This handy tool also prints all raw data items received, so that we may be able to make some sense of the additional data in the future. For easier reading each line prints the last value received for each item, the item received most recently is marked with an asterisk.

*42: 128F  4751    T: 23.79
 42: 128F  4751, *6D: 03E4   996    T: 23.79
 42: 128F  4751,  6D: 03E4   996, *6E: 514A 20810    T: 23.79
 42: 128F  4751,  6D: 03E4   996,  6E: 514A 20810, *71: 01C9   457    T: 23.79
 42: 128F  4751, *50: 01C8   456,  6D: 03E4   996,  6E: 514A 20810,  71: 01C9   457    CO2:  456 T: 23.79
 42: 128F  4751, *4F: 21A3  8611,  50: 01C8   456,  6D: 03E4   996,  6E: 514A 20810,  71: 01C9   457    CO2:  456 T: 23.79
 42: 128F  4751,  4F: 21A3  8611,  50: 01C8   456, *52: 269C  9884,  6D: 03E4   996,  6E: 514A 20810,  71: 01C9   457    CO2:  456 T: 23.79
*41: 0000     0,  42: 128F  4751,  4F: 21A3  8611,  50: 01C8   456,  52: 269C  9884,  6D: 03E4   996,  6E: 514A 20810,  71: 01C9   457    CO2:  456 T: 23.79
 41: 0000     0,  42: 128F  4751, *43: 0CEB  3307,  4F: 21A3  8611,  50: 01C8   456,  52: 269C  9884,  6D: 03E4   996,  6E: 514A 20810,  71: 01C9   457    CO2:  456 T: 23.79
 41: 0000     0, *42: 128F  4751,  43: 0CEB  3307,  4F: 21A3  8611,  50: 01C8   456,  52: 269C  9884,  6D: 03E4   996,  6E: 514A 20810,  71: 01C9   457    CO2:  456 T: 23.79
 41: 0000     0,  42: 128F  4751,  43: 0CEB  3307,  4F: 21A3  8611,  50: 01C8   456,  52: 269C  9884, *6D: 03E4   996,  6E: 514A 20810,  71: 01C9   457    CO2:  456 T: 23.79
 41: 0000     0,  42: 128F  4751,  43: 0CEB  3307,  4F: 21A3  8611,  50: 01C8   456,  52: 269C  9884,  6D: 03E4   996, *6E: 514A 20810,  71: 01C9   457    CO2:  456 T: 23.79
 41: 0000     0,  42: 128F  4751,  43: 0CEB  3307,  4F: 21A3  8611,  50: 01C8   456,  52: 269C  9884,  6D: 03E4   996,  6E: 514A 20810, *71: 01C9   457    CO2:  456 T: 23.79
 41: 0000     0,  42: 128F  4751,  43: 0CEB  3307,  4F: 21A3  8611, *50: 01C8   456,  52: 269C  9884,  6D: 03E4   996,  6E: 514A 20810,  71: 01C9   457    CO2:  456 T: 23.79
 41: 0000     0,  42: 128F  4751,  43: 0CEB  3307,  4F: 21A3  8611,  50: 01C8   456,  52: 269C  9884, *57: 22C2  8898,  6D: 03E4   996,  6E: 514A 20810,  71: 01C9   457    CO2:  456 T: 23.79
 41: 0000     0,  42: 128F  4751,  43: 0CEB  3307,  4F: 21A3  8611,  50: 01C8   456,  52: 269C  9884, *56: 26A6  9894,  57: 22C2  8898,  6D: 03E4   996,  6E: 514A 20810,  71: 01C9   457    CO2:  456 T: 23.79
*41: 0000     0,  42: 128F  4751,  43: 0CEB  3307,  4F: 21A3  8611,  50: 01C8   456,  52: 269C  9884,  56: 26A6  9894,  57: 22C2  8898,  6D: 03E4   996,  6E: 514A 20810,  71: 01C9   457    CO2:  456 T: 23.79
 41: 0000     0,  42: 128F  4751, *43: 0CE9  3305,  4F: 21A3  8611,  50: 01C8   456,  52: 269C  9884,  56: 26A6  9894,  57: 22C2  8898,  6D: 03E4   996,  6E: 514A 20810,  71: 01C9   457    CO2:  456 T: 23.79
 41: 0000     0, *42: 128F  4751,  43: 0CE9  3305,  4F: 21A3  8611,  50: 01C8   456,  52: 269C  9884,  56: 26A6  9894,  57: 22C2  8898,  6D: 03E4   996,  6E: 514A 20810,  71: 01C9   457    CO2:  456 T: 23.79

Next thing up: This Python script needs to be called with the hidraw device node as its first argument. In previous snippets I've always assumed /dev/hidraw0, but this may be different between different computers and maybe on each boot (if you have USB HID devices). Also we needed to manually give our user permissions on the device node. Let's fix it with an udev rule (this goes as 90-co2mini.rules into /etc/udev/rules.d):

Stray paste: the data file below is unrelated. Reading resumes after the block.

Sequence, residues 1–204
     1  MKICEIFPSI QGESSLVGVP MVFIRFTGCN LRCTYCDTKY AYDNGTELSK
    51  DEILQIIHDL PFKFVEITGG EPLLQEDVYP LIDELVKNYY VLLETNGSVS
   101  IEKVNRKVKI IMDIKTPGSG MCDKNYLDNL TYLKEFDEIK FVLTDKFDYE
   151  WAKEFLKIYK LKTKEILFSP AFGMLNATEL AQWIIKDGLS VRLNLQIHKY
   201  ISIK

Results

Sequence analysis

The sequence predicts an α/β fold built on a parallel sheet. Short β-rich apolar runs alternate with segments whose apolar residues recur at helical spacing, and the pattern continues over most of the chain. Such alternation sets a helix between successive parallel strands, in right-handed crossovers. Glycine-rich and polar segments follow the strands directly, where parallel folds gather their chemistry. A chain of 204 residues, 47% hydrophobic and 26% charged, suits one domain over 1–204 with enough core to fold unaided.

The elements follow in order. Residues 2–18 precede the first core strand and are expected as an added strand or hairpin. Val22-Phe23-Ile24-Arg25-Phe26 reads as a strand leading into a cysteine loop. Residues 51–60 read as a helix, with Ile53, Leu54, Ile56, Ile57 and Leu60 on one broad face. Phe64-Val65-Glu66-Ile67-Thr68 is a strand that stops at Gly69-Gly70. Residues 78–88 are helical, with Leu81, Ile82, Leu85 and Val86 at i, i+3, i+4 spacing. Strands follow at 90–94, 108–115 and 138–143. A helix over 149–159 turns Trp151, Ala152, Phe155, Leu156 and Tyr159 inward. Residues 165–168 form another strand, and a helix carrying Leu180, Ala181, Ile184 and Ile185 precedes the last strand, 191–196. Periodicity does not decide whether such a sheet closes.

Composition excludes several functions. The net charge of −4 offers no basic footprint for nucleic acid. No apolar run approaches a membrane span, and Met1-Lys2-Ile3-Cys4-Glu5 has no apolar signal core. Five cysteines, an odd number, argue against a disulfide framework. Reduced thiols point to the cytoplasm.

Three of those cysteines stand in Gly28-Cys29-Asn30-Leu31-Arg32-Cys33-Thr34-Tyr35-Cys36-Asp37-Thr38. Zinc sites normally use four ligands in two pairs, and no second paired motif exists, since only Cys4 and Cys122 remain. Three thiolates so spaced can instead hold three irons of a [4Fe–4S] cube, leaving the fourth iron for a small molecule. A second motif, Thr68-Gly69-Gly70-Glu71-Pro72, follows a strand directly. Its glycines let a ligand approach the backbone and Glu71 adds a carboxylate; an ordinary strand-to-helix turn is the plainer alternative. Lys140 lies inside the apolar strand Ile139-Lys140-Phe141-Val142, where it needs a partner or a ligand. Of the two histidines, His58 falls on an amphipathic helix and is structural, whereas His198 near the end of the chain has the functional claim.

ACTION=="remove", GOTO="co2mini_end"

SUBSYSTEMS=="usb", KERNEL=="hidraw*", ATTRS{idVendor}=="04d9", ATTRS{idProduct}=="a052", GROUP="plugdev", MODE="0660", SYMLINK+="co2mini%n", GOTO="co2mini_end"

LABEL="co2mini_end"

This will a) allow the group plugdev (change as appropriate, or put your user into that group) access to the device node and b) symlink the hidraw devices of all connected CO₂ monitors (if there's more than one :) in nice numbered files starting with /dev/co2mini0.

Perl code to receive data and FHEM integration are up next.

Discussions

Thomas Wiedereicher wrote 02/02/2017 at 19:22 point

Did anyone succeed in putting this to a fhem module?

  Are you sure? yes | no

heine wrote 01/08/2017 at 20:26 point

I wrapped this code into a simple Python class running with 2 and 3.

You can find it at https://github.com/heinemml/CO2Meter

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petrman wrote 12/31/2016 at 12:58 point

Well done! Where can I wire you those two weekends you've just saved me?

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ChrisH wrote 08/15/2016 at 20:42 point

Very useful write up!  I have a CO2mini connected to a Pi and I don't know if anyone noticed but it looks like the CO2 value seems to only update about every four minutes.  I was polling the mini every 20 seconds, and that may be kind of pointless.  Odd since the display seems to update every time the display cycles between temperature and CO2.

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Victor Shmoylov wrote 04/20/2016 at 18:36 point

C language library to work with device: https://github.com/vshmoylov/libholtekco2

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KristofR wrote 03/20/2016 at 08:06 point

Excellent work! Based on your code, I integrated the CO2 monitor in OpenHAB using REST - see 

https://github.com/KristofRobot/openhab-config/tree/master/co2mon

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martin wrote 11/05/2015 at 20:25 point

Great Project! I created a Nodejs Plugin for the CO2 Monitor based on your great work. GitHub: https://github.com/maddindeiss/co2monitor

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Hossemd wrote 10/25/2015 at 16:26 point

FHEM WOULD BE GREAT. Are you still working on it? Please please please ;)